Cannabidiol, commonly known as CBD, has surprisingly emerged as a remarkable ally to epilepsy treatment. Considering the historical cannabis stigma, CBD’s association with epilepsy might seem counterintuitive. However, due to its non-intoxicating nature, its pharmacological properties have revealed CBD’s ability to provide potential therapeutic benefits.

As of 2014, there was no scientific evidence to support the use of cannabis in epilepsy treatment. However, in 2016, there was an open-label study of the effects of CBD on 214 child patients who were resistant to traditional pharmaceutical anti-epileptic treatment. This study by Dr. Orin, which lasted for 12 weeks, proved a reduction in the frequency of motor seizures from 30.0 to 15.8. Subsequent studies and clinical investigations have revealed CBD’s intrinsic ability to reduce seizures.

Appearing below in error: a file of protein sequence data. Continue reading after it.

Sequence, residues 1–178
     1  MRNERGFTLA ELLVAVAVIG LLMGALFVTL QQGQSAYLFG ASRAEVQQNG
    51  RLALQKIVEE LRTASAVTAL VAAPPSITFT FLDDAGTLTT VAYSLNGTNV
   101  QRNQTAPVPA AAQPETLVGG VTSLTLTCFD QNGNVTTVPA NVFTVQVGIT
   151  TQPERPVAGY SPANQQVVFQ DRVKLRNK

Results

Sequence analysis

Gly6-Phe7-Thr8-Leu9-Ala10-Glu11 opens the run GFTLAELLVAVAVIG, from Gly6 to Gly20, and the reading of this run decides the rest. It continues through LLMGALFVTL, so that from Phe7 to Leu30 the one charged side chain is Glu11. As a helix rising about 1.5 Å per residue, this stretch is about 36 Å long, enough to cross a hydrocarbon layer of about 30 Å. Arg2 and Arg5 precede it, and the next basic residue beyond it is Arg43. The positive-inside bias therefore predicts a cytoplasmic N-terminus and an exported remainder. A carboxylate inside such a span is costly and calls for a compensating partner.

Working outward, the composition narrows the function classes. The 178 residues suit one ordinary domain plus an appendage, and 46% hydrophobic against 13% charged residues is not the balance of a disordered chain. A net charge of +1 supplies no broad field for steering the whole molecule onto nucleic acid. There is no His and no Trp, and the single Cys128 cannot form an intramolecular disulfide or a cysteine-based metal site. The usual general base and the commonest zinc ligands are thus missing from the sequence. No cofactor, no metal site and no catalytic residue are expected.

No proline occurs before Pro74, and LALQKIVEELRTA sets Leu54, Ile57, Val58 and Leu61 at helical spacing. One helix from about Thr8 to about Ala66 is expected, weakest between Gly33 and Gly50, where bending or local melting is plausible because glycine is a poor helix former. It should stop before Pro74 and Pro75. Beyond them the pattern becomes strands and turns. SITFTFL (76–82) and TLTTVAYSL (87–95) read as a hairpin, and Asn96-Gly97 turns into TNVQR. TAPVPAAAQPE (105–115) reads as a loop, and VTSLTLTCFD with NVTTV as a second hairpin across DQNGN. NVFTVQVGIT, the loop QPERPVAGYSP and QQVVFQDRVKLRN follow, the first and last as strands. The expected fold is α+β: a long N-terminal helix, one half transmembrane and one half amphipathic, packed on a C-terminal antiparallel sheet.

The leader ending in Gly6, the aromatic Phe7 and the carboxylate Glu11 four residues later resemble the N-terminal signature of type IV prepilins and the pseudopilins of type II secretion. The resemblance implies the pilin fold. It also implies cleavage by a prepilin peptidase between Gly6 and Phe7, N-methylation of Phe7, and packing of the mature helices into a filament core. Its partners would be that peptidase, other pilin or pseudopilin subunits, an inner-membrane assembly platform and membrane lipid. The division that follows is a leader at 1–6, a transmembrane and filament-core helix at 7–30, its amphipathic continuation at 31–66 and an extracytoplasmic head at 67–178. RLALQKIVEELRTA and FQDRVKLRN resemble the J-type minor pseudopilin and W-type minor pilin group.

The groundbreaking studies have yielded promising results, ultimately approving the first CBD-based anti-epilepsy medication – Epidiolex. It was approved by the FDA in 2018 as a transformative treatment option for certain forms of drug-resistant epilepsy, such as Dravet syndrome and Lennox-Gastaut syndrome. Though derived from the cannabis plant, Epidiolex is safe for patient use and does not induce the euphoric effects of CBD’s counterpart, THC. Its safety thus thrives on a healthy CBD: THC ratio.

Current Legal and Regulatory Status of CBD for Epilepsy